I think it has to be 1672 as well. Here is the argument I made on Aeclectic a few months ago -
I think, if you look at the close-up at JC Flornoy's site
the "c" must be part of a "6".
Looking closely, you can see an ascending black line on the left section of the c, where the round part joins it.
In the border, where the top of the 6 would have been, there is a discolouration/lightening of the ink, indicating that the surface is lower there than in the rest of the border. This shows that something broke away, or there is wear there. It is curved exactly where we would expect the top of the 6 to be, if we finished the line.
For the "mistake" part, Ph. Camoin is adamant that it cannot be a mistake, but the card engraver was not particularly careful, as you can see from his engraved letters at Rom's site -
http://tarotchoco.quebecblogue.com/Tarot de Marseille- ... -honneurs/
In the first card, he has made an inversion - "VALET DE DENIESR"
It is not impossible that the engraver made a mistake, but I think the date is 1672 and the story is more complicated.
Chosson was not the engraver, as you can see by looking at the initials on the Chariot, "GS". This is where the engraver usually put his initials.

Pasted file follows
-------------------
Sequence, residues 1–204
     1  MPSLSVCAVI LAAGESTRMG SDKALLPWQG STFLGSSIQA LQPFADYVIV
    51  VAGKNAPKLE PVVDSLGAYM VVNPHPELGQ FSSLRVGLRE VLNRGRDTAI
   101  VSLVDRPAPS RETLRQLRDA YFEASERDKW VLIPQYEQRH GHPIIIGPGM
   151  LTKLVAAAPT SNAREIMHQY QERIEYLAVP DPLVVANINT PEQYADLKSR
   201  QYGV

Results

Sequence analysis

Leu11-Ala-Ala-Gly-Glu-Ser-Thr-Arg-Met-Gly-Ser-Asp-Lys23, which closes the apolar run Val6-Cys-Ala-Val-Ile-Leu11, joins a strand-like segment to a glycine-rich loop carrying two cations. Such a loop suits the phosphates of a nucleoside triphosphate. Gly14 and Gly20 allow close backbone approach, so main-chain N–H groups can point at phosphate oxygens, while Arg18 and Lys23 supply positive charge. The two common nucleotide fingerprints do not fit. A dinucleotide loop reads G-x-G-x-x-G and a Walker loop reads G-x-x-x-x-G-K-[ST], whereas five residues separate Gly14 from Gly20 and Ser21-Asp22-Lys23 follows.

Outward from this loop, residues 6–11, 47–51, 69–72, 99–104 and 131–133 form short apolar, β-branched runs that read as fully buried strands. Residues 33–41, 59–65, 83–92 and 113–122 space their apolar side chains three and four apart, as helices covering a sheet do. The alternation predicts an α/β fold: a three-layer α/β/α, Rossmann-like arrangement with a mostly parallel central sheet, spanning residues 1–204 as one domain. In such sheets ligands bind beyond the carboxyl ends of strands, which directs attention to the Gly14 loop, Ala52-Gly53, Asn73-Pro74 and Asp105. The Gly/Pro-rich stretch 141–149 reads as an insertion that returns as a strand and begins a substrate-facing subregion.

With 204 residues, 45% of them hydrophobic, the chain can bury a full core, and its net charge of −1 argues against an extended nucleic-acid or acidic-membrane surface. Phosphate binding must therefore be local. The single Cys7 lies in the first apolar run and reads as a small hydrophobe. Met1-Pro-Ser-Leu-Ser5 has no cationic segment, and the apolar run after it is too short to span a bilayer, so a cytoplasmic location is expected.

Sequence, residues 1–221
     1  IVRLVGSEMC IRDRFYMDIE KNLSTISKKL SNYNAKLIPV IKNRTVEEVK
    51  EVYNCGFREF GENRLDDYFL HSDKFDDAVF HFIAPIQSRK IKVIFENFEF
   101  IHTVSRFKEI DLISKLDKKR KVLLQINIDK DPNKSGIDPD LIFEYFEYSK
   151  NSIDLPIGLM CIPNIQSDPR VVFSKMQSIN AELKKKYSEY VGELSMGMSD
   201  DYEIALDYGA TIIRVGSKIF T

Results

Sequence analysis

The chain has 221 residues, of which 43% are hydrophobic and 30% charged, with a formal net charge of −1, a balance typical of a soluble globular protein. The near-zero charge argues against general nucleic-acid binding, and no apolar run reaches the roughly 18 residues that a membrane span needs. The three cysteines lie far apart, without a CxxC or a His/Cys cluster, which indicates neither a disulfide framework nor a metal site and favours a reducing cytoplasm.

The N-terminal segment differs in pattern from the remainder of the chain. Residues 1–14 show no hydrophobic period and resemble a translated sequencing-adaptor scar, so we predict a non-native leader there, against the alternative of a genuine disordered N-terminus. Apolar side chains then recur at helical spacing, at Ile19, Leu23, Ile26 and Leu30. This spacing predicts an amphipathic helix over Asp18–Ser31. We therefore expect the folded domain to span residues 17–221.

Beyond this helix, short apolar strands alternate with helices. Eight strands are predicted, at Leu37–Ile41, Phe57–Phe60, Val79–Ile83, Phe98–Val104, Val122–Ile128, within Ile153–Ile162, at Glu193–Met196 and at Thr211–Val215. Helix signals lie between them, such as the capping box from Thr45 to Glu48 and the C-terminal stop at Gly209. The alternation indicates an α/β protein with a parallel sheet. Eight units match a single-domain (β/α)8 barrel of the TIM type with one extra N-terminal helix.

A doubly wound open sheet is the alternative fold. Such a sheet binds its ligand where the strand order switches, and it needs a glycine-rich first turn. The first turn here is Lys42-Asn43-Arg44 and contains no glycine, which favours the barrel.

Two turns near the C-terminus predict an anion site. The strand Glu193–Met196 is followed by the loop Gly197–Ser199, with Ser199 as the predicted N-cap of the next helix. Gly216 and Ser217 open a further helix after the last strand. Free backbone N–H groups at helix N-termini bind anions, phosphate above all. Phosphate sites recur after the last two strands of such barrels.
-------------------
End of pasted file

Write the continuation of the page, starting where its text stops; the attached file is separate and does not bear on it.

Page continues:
Looking in D'Allemagne for known cardmakers with the initials GS, we don't find too many, or not in the right dates, but there is a "Guilhen Sallonetz" in Marseille in 1662.
Guilhen Sallonetz is mentioned with someone who seems to be his father or brother, Jacques Sallonetz, at the same time (1662).
Further in the list, there are others - Guillaume Sellon (1676-1715), Jacques Sellon (1676-1708), along with Jean-François Sellon (1676-1688) Antoine Sellon (1713-1715), and Claude-François Sellon (1730) - all in Marseille.
I am guessing that the names Sallonetz and Sellon are two forms of the same name, one in Provençal, and one in French. "Guilhen" is a Provençal form of "Guillaume" (although "Jacques" is pure French in both cases). So we are dealing with a family business that is attested from 1662-1730. Perhaps Chosson bought it after the final Sellon retired.
Thus I think we are dealing with the same people, and that there is a "GS" cardmaker in Marseille at the right time. So, it could be Guillaume Sellon who made the cards; it could be that Chosson inherited or bought the plates (this has happened before), and changed the name on the two of Deniers to reflect that.
The date problem might reflect either wear on the old plates (maybe 60 or 70 years old when Chosson got them), or a very early weakness because the engraver corrected the top of the 6 from going into the margin by recarving it a little smaller and thinner - it thus might have broken off very early.
There is a problem stylistically though. This Tarot de Marseille is "TdMII" by Depaulis' taxonomy - the Cupid is going to the right as is not blindfolded, the figures in the Sun are two little boys, not a boy and a girl (or youths of opposite gender), the figure in the World is also a "sexy" female, etc. (like in Conver).
So if this tarot was engraved in Marseille in 1672, then it is a very early example of the Tarot de Marseille II type.
Finally, I do think the date was 1672, and the plates are older than Chosson.